Aug 3, '10i've signed checks and credit card slips with "rn."
i check my husband at night to make sure he's breathing.
i've fallen asleep in the in the middle of an intersection while driving home on the night shift and waiting to turn left, on the subway -- the janitor woke me up at the end of the line so he could clean, and once standing up during a code. (long story.) i've woken up at 5:00 and not known whether it was day or night and whether or not i needed to be at work. that one is an awful feeling!
i hear ventilator alarms and arrhythmia monitors in my sleep and once woke my husband up by telling him to "change the f-ing parameters on your monitor, you jack---!" fortunately, he was amused. i've answered the phone "nurse's station, can i help you?" when i'm at home and "this is ruby" when i'm at work.
i used to check out veins in my youth, but don't bother anymore unless they're garden hoses.
Aug 3, '10i work on a cardiac floor that specializes in chf...i cant help but to look at peoples legs when i am out in public. i always am looking for edema and seeing what kind of shape their legs are in.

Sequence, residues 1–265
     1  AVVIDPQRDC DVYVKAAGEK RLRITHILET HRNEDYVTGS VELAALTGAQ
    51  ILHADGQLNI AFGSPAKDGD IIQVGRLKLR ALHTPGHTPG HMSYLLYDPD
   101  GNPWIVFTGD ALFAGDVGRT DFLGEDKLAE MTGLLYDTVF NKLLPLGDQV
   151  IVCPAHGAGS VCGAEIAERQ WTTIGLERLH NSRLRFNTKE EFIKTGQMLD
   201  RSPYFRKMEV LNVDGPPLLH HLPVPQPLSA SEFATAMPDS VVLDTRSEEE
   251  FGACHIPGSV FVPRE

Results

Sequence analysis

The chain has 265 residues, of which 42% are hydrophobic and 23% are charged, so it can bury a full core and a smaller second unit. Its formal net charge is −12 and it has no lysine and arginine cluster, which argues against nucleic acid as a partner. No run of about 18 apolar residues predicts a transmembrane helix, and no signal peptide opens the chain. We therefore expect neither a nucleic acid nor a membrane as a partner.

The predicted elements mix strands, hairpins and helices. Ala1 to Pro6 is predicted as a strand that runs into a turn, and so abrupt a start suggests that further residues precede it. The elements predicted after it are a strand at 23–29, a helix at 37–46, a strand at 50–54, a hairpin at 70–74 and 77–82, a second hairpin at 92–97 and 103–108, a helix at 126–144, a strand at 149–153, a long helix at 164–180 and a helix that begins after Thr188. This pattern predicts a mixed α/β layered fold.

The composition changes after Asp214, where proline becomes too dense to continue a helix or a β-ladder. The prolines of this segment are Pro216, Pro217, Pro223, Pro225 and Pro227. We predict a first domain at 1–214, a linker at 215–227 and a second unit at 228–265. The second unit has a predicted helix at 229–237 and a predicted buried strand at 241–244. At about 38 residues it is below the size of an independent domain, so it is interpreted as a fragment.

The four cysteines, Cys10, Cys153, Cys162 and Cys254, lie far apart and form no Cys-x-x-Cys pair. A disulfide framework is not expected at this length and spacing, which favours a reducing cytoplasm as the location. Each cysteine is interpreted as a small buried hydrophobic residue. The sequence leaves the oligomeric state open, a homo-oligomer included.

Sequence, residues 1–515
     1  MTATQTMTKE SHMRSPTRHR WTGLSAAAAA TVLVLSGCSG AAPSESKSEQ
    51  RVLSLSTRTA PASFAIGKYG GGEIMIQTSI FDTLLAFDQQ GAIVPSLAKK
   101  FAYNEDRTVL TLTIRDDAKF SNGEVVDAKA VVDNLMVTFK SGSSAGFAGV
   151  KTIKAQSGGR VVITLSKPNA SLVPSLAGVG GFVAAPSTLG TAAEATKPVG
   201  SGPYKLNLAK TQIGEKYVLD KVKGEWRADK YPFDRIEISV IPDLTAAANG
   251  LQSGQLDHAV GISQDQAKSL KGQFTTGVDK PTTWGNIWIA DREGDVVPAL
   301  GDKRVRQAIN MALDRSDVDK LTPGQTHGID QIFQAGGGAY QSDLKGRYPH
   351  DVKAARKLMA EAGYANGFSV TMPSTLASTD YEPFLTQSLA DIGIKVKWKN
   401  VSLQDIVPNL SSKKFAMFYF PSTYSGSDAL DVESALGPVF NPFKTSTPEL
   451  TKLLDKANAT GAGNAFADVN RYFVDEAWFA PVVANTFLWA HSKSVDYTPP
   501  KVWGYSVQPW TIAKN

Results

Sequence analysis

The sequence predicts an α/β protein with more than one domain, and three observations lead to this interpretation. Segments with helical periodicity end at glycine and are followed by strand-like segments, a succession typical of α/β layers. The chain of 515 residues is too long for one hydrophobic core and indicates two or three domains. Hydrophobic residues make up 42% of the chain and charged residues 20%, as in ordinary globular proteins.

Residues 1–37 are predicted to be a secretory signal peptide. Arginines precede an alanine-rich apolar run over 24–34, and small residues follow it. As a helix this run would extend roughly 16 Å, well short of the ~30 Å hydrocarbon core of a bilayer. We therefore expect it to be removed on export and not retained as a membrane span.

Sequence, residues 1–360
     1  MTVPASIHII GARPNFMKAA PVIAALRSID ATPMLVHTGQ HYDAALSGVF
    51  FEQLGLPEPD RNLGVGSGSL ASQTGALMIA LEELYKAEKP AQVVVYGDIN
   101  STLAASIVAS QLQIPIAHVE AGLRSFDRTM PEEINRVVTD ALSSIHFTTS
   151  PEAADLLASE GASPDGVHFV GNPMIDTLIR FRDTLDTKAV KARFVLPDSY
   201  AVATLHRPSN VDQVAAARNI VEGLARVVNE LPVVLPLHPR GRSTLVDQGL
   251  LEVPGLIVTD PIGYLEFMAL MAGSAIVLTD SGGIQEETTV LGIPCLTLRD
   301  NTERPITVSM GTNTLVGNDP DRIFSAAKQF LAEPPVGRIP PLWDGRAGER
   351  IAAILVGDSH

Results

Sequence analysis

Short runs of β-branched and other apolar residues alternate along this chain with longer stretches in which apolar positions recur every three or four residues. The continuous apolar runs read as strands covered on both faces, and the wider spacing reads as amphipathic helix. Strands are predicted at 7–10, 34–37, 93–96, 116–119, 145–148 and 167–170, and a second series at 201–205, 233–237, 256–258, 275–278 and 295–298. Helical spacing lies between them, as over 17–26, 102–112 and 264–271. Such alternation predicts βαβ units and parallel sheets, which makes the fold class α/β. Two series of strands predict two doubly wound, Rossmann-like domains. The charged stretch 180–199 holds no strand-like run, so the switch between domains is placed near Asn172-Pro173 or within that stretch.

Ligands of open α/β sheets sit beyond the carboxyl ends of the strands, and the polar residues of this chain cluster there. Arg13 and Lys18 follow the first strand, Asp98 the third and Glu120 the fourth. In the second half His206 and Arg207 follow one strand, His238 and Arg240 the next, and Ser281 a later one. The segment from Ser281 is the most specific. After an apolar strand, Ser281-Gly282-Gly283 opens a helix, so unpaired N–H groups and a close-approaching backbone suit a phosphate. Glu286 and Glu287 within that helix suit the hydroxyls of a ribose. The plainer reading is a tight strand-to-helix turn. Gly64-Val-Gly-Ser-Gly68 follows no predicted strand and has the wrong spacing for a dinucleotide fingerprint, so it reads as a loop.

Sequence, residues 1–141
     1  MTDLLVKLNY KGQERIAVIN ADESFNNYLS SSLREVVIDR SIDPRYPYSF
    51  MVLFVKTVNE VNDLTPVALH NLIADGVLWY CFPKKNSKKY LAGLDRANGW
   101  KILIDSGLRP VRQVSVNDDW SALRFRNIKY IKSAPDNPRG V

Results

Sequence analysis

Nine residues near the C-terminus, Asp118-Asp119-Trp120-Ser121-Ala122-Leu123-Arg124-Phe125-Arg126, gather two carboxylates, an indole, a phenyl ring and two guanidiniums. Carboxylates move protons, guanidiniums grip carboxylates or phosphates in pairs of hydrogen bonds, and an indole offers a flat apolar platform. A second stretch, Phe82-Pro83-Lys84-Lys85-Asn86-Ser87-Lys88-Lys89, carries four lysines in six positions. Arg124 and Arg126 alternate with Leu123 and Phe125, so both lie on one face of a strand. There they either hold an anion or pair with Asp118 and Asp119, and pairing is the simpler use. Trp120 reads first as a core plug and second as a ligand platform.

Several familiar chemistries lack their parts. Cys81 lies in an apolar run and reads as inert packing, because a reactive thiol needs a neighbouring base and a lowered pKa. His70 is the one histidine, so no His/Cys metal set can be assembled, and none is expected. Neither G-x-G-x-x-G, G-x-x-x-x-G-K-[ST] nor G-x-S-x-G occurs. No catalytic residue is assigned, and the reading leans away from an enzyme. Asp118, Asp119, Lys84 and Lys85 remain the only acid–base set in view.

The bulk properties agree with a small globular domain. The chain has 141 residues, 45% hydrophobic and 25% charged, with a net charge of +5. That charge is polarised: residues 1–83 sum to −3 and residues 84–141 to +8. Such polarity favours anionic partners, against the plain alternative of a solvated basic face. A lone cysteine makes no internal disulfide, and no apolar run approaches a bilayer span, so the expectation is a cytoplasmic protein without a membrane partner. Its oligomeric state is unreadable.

i am a new nurse so i definitely look at peoples veins to see if i think i could get the access...i dont know why i would need it since they are not my patients and probably never will be! haha!
i also like to try and diagnose the people that i see walking on the street.
those are my first few nursing things i do...i have wanted to sign rn after my name, but stopped myself before i did it!
Aug 3, '10These are great!
It's nice to know I am not the only one who has picked up habits like this.
I definitely check out arms for good veins. I look at people in public places and diagnose them. I have answered the phone like I am at work. I dream of call lights or monitors and IV pumps. I have woken up out of a deep sleep because I dreamed I had forgotten to do something really important (when I was new, I actually called work a couple of times to make sure whatever it was got done...I don't do that anymore because I just get laughed at). I wash my hands more often now, and when I pass through a doorway, I often catch myself reaching up for the hand sanitizer that is outside every room on my unit. I also avoid telling strangers I am a nurse, because I always get "I have this (fill in the blank) what do you think it is?" It's bad enough from my family.